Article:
The Chicago Tribune’s editorial board weighed in on the changes at CNN with “CNN is hewing toward the center? That’s good for our democracy.”
The board acknowledged the dangers of both sideism, but added, “Granted, not every issue has two sides, especially when it comes to the antics of former President Donald Trump, but most of them do.”
The board went on to write that the country needs a news source that all Americans can trust.
Here’s the problem: All Americans aren’t reasonable enough or willing to accept what’s true. And it isn’t just a small minority of those who aren’t willing to accept things such as the 2020 presidential election, the authenticity of our elections and other bedrocks of our democracy. For the editorial board to wrap up the issue by briefly mentioning the “antics of former President Donald Trump” seems overly dismissive and not nearly as comprehensive of what’s truly at stake here.
As NPR TV critic Eric Deggans said on the final episode of the recently canceled “Reliable Sources,” “I hope that what we’re not going to see CNN do is institute some sort of false equivalence where the extremism of one party is balanced with the regular dysfunction of another party. We need to be free to call out when someone breaks the law, when someone breaks norms, when someone introduces prejudices and stereotypes to the public debate.”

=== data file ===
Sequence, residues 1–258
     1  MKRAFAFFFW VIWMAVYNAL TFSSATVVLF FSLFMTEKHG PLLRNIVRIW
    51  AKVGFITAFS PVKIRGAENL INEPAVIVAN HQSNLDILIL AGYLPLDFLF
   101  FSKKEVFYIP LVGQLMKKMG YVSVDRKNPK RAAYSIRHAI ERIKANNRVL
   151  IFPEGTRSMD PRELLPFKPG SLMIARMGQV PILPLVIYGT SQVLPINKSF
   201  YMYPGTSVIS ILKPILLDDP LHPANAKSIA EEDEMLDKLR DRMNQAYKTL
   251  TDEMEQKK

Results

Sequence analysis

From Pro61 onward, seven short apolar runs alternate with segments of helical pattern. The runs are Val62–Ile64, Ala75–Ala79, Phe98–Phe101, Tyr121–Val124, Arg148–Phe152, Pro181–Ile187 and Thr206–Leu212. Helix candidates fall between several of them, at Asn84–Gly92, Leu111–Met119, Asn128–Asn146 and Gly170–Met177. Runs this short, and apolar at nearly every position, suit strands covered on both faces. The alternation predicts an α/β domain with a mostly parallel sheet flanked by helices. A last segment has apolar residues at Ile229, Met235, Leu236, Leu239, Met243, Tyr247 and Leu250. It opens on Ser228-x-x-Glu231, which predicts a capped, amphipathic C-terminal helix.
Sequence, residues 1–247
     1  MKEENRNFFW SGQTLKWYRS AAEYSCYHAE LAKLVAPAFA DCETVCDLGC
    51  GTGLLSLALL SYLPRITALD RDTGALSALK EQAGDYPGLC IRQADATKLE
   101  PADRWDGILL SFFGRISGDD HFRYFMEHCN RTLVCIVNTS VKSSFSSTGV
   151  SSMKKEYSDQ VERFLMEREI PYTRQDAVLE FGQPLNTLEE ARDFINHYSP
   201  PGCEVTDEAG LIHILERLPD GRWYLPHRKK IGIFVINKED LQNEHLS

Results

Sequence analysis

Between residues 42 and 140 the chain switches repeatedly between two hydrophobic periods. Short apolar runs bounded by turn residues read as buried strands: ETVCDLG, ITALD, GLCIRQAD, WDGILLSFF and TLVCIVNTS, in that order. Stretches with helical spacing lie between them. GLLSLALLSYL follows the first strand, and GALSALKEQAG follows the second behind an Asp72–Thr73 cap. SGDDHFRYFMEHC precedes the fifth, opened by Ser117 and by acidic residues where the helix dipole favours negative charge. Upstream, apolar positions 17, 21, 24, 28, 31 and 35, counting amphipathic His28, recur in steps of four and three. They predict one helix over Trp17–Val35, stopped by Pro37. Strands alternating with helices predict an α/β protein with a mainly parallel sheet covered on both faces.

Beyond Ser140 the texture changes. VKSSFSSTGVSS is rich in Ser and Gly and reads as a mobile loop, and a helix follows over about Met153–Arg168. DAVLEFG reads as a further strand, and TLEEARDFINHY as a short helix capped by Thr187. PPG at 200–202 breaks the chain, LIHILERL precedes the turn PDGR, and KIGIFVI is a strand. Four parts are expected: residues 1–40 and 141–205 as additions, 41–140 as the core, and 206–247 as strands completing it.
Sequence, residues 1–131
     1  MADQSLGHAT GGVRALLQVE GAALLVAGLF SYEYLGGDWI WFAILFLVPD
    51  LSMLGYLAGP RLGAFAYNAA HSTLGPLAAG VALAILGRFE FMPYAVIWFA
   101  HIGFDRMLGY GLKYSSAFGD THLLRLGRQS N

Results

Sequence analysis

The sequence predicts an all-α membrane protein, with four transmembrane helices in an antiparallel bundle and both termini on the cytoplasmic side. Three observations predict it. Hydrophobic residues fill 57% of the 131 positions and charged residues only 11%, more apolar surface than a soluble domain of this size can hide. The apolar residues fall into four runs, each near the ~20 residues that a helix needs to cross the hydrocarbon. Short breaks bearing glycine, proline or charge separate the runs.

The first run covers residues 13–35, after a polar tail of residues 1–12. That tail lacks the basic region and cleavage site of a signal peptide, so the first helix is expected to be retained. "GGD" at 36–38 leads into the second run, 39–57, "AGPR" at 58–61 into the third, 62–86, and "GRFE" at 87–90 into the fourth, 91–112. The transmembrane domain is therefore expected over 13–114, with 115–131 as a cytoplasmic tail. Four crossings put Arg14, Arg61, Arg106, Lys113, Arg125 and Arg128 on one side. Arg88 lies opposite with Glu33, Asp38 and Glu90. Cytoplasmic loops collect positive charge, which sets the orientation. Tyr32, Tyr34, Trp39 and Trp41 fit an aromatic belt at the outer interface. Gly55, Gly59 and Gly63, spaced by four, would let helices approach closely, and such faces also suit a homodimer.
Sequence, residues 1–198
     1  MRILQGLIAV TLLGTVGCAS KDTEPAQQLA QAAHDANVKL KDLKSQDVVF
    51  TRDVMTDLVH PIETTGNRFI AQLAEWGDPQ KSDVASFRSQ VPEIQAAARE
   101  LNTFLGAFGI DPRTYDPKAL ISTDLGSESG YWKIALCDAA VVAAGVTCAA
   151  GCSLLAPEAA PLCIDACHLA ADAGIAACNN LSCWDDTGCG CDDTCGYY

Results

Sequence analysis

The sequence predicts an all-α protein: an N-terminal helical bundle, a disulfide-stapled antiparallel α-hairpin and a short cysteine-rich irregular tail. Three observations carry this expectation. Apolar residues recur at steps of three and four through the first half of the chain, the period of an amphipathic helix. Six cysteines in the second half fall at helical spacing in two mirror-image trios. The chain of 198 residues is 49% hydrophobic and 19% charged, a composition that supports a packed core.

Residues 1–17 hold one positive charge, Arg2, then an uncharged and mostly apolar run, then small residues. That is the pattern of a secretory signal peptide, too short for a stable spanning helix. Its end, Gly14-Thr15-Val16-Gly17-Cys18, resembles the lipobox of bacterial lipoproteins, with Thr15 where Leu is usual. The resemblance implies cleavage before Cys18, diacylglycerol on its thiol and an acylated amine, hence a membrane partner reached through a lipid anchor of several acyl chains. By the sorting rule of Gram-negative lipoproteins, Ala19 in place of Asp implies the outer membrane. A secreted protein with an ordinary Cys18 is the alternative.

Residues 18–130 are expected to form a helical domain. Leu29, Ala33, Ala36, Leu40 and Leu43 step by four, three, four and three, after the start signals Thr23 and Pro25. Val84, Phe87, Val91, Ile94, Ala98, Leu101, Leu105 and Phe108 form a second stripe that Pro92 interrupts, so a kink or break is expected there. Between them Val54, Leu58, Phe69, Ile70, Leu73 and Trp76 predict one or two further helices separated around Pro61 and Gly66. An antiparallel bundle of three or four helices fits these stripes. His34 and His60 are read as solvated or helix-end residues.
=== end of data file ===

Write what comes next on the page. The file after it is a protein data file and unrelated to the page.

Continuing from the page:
The Tribune’s editorial closed with, “Perhaps it’s Pollyannaish to hope that CNN can retrofit itself in a country where each political side believes the other is living in a kind of dangerous alternate reality. But many of (new CNN CEO Chris) Licht’s innovations, including the new national morning show featuring (Don) Lemon, Poppy Harlow, and chief White House correspondent Kaitlan Collins, are refreshing changes that might just help with this country’s ever-expanding habit of spinning the facts before digesting them.”
The board also wrote that there are journalists at CNN who are “worried that the network was abandoning its original mission statement.”
The editorial got this right: It is Pollyannaish to think that way. I’ll add another word to at least consider: dangerous. Pushing for fairness and completeness in journalism as well as fewer “hot takes” is never a bad idea. But that’s not the same as making sure you present both sides. Sometimes, the other side shouldn’t be given a voice, particularly if that side’s argument is based on lies or pushes harmful agendas.
This piece originally appeared in The Poynter Report, our daily newsletter for everyone who cares about the media. Subscribe to The Poynter Report here.